8 Expensive Mistakes That Devalue Your Car
Are you devaluing your car without even realizing it? Avoid these eight car maintenance mistakes, which can send the resale value of your vehicle into a tailspin.
What Can Devalue Your Car?
With new cars costing tens of thousands of dollars, it’s important to protect your investment. If you care for your car properly, you can get a great trade-in or sell it for a good price when it’s time to move on to the next vehicle. If not, you might be disappointed at the lowball offers you receive. Here are eight things that could be devaluing your car and costing you money.
You Skip Your Car’s Regular Maintenance
Regular car maintenance, including frequent oil changes, is the best way to keep your car running like new. Buyers will ask to see your service records, and you want them to like what they see. Make sure you get all recommended maintenance done, and document the date and mileage at each service.
Here’s the ultimate car maintenance schedule every driver should follow.
You’re Not Keeping Your Car Clean
Prospective car buyers do not want to find fossilized French fries under the seat or mystery stains on the dashboard. Not keeping your car clean is a big mistake—both for your own enjoyment and the future value of the vehicle.
These car interior cleaning tips will come in handy.
You Ignore Your Car’s Warning Lights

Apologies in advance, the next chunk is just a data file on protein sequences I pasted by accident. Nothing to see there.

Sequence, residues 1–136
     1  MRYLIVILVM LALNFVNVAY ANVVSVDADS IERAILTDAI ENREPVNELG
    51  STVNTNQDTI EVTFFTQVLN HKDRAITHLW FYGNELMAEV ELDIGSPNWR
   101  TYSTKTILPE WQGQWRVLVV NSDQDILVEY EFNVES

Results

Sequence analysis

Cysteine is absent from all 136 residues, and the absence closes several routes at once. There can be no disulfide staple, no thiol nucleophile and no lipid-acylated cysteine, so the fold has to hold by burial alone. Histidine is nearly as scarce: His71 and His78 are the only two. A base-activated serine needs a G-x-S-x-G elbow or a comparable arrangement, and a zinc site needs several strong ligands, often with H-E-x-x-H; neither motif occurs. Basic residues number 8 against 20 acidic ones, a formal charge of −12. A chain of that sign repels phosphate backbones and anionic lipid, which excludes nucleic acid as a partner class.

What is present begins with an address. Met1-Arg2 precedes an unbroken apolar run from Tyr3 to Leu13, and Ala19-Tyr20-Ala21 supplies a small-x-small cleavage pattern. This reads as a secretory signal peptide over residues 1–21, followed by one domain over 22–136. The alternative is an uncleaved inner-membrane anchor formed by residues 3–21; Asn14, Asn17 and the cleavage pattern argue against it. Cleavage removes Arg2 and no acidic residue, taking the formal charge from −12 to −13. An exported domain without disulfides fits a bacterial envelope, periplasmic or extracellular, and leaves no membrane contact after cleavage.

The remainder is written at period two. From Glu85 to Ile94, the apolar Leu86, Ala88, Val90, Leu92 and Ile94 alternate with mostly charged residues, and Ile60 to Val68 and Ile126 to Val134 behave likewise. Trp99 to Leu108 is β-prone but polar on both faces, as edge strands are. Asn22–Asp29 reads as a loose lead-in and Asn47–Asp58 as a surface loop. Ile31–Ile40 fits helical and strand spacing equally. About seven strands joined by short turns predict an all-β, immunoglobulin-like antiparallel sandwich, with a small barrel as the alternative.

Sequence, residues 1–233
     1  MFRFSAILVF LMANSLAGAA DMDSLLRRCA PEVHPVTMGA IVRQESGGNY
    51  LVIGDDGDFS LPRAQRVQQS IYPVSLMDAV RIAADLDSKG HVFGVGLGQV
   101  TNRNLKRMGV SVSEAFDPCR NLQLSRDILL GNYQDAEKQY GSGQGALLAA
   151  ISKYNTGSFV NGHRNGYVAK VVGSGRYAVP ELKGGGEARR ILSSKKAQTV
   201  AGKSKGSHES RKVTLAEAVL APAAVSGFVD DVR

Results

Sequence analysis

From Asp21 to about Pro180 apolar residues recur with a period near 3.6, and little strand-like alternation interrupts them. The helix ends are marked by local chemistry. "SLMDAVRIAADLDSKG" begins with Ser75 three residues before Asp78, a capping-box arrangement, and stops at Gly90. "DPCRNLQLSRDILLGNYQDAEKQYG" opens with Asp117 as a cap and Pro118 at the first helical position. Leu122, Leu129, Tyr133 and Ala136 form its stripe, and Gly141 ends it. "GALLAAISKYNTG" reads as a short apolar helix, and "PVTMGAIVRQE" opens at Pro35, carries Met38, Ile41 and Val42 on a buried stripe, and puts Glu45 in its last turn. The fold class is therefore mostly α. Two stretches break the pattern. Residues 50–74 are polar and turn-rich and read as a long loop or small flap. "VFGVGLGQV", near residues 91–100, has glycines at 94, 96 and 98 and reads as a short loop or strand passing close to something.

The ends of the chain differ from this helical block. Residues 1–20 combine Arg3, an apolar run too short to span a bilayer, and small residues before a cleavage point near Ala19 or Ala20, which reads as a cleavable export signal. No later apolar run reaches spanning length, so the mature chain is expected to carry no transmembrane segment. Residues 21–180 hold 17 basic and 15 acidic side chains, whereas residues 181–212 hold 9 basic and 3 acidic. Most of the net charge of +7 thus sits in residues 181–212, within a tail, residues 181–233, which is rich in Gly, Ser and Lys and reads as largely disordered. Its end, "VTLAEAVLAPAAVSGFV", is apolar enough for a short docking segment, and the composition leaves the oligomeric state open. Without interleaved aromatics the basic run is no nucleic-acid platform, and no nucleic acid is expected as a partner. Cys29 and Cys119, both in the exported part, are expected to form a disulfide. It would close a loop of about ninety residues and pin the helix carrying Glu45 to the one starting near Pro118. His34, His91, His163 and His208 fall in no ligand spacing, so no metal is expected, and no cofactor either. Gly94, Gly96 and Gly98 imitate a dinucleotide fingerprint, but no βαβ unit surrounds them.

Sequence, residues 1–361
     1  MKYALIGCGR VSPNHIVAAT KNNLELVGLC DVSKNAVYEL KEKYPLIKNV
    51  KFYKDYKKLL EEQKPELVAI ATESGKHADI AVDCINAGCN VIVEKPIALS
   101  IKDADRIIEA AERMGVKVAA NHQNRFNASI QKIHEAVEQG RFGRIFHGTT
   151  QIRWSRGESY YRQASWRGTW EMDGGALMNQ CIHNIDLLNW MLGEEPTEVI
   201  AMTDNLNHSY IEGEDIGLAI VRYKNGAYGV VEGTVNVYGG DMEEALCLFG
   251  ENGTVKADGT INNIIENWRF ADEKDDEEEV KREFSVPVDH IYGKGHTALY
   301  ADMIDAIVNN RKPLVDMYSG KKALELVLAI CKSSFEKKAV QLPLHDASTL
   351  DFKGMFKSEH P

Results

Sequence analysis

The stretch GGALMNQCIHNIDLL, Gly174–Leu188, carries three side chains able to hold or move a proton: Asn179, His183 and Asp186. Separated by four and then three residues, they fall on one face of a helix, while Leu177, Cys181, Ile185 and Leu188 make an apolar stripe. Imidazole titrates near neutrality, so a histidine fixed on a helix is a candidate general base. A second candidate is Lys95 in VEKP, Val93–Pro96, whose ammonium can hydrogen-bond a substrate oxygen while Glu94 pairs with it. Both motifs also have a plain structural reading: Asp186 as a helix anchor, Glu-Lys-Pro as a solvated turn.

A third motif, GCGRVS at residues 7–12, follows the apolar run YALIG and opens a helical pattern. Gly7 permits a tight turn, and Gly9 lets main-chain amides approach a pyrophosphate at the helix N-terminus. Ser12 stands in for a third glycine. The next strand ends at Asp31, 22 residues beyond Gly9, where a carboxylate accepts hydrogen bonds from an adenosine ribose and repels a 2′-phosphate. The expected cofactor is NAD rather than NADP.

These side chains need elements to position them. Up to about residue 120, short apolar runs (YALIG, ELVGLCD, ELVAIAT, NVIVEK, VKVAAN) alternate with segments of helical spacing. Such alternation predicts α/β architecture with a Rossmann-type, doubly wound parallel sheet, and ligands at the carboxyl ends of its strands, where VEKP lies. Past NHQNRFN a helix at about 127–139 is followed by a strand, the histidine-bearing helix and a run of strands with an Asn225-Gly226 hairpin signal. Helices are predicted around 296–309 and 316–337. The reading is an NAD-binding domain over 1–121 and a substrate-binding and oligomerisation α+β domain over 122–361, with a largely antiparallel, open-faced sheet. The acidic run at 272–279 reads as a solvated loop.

You may have learned to ignore that check engine light, but chances are it will alarm a would-be buyer. If you have been putting off a trip to the mechanic, you might want to schedule that checkup before putting your car on the market.
You’re Always Squeezing Your Car into Tight Parking Spots
Parking too close to the car next to you is an open invitation to parking lot door dings. Those dings could diminish the beauty of your paint job and ultimately make your car less valuable. Parking at the end of the parking lot might be inconvenient, but it is better for you and your car’s paint finish.
Spotted a flaw in your car’s finish? Here’s expert advice on how to fix paint chips.
You Drive Too Much
The number of kilometres on the odometer will directly influence the value of the car, so you might want to put a cap on those unnecessary trips. Try to bundle your drives so you get all your errands done at once instead of cruising all over town and running up the kilometres.
If you simply can’t drive less, you can still save money with these tips on how to get better gas mileage.
You’ve Painted Your Car a Strange Colour
Even if pink is your favourite colour, painting your car in that distinctive hue is probably a bad idea. If you must give your car a new coat of paint, stick to market-friendly neutral colours and skip the custom fluorescent greens, pinks and purples.
Psst—these are the most popular car colours in Canada.
You’ve Gone “Nose Blind” to Your Car
If your car is more than a few years old, there are probably a few odd odours floating around the passenger compartment. You might not notice them, but a potential buyer will not be so nose-blind. Do yourself (and the potential buyer) a favour by sprucing up your car and removing those unpleasant odours.
Find out how to get rid of smoke smell in your car.
You’ve Made Unnecessary Car Modifications
You may love that aftermarket sunroof you installed, but a potential buyer will probably worry if it leaks. Making too many custom modifications could devalue your car and make it harder to sell.
Next, find out the 13 things you should never do to your car.